-Should a police force be established to enforce the laws? If so, how should the police force be selected?
-Should a judge or judges be selected to preside over trials? If so, how should the judge or judges be selected?
-What general rule should determine how work is to be accomplished?
-What rights should everyone have?
 
The Mayflower Compact

If they looked behind them, there was the mighty ocean which they had passed…to separate them from all the civil parts of the world.
    -- William Bradford

The 102 passengers on the Mayflower were divided into two groups. Only 41 of them were Pilgrims--religious dissenters called Separatists, who had fled England for Holland. Now they sought a new life in America where they could practice their religion in the manner they chose. The rest of the passengers, called "strangers" by the Pilgrims, included merchants, craftsmen, skilled workers and indentured servants, and several young orphans. All were common people. About one-third of them were children.

The Pilgrims had organized the voyage. William Brewster and the other Pilgrim leaders had secured the right to settle on land claimed by the Virginia Company near the mouth of the Hudson River. To raise money for the voyage the Pilgrims signed a contract with a group of London stockholders. In return the stockholders would share in the profits of the planned colony. The Pilgrims had rounded up the "strangers" to increase the chances of success for their enterprise.

The 3,000-mile voyage across the Atlantic lasted more than two months. When they finally sighted land on November 9, 1620, the captain of the Mayflower knew right away that they were at Cape Cod, far north of their destination. The captain headed the Mayflower southward, but dangerous sand bars and heavy seas forced them to turn back. The Mayflower finally dropped anchor in a harbor at the tip of Cape Cod. Rather than chancing more days at sea, the Pilgrims decided to land.

Almost immediately, an argument broke out. According to William Bradford (who later wrote an account of the Pilgrims' experiences) several "strangers" made "discontented and mutinous speeches." They apparently argued that, since the Cape Cod area was outside the jurisdiction of the Virginia Company, its rules and regulations no longer applied. The troublemakers threatened to do as they pleased "for none had power to command them," wrote William Bradford. Three thousand miles from home, a real crisis faced the colonists even before they stepped ashore.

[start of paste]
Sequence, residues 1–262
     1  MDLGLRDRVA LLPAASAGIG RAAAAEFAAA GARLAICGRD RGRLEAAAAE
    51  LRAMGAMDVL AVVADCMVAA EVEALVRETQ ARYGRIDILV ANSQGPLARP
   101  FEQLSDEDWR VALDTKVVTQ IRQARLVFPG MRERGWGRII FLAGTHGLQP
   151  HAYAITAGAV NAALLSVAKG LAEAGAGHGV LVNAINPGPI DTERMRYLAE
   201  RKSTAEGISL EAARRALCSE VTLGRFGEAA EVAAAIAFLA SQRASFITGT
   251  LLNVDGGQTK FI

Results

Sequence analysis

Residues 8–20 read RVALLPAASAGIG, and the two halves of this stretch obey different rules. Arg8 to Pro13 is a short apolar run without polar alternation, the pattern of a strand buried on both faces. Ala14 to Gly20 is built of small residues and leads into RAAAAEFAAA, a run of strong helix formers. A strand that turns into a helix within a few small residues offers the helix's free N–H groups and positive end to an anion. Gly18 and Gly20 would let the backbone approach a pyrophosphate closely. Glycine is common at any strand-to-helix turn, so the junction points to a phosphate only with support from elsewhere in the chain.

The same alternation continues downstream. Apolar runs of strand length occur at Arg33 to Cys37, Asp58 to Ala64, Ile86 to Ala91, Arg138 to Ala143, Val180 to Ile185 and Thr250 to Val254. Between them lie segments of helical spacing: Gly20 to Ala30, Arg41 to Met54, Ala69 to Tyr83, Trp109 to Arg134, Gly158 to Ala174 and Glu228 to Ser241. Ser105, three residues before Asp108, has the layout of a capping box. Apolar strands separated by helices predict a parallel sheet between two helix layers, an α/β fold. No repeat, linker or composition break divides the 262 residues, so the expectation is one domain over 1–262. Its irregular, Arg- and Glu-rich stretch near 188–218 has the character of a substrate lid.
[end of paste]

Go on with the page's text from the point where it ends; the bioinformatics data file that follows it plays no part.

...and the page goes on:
The Mayflower Compact
Imagine the situation: over 100 people, cut off from any government, with a rebellion brewing. Only staunch determination would help the Pilgrims land and establish their colony. If they didn't work as a group, they could all die in the wilderness.

The Pilgrim leaders realized that they needed a temporary government authority. Back home, such authority came from the king. Isolated as they were in America, it could only come from the people themselves. Aboard the Mayflower, by necessity, the Pilgrims and "Strangers" made a written agreement or compact among themselves.

The Mayflower Compact was probably composed by William Brewster, who had a university education, and was signed by nearly all the adult male colonists, including two of the indentured servants. The format of the Mayflower Compact is very similar to the written agreements used by the Pilgrims to establish their Separatist churches in England and Holland. Under these agreements the male adult members of each church decided how to worship God. They also elected their own ministers and other church officers. This pattern of church self-government served as a model for political self-government in the Mayflower Compact.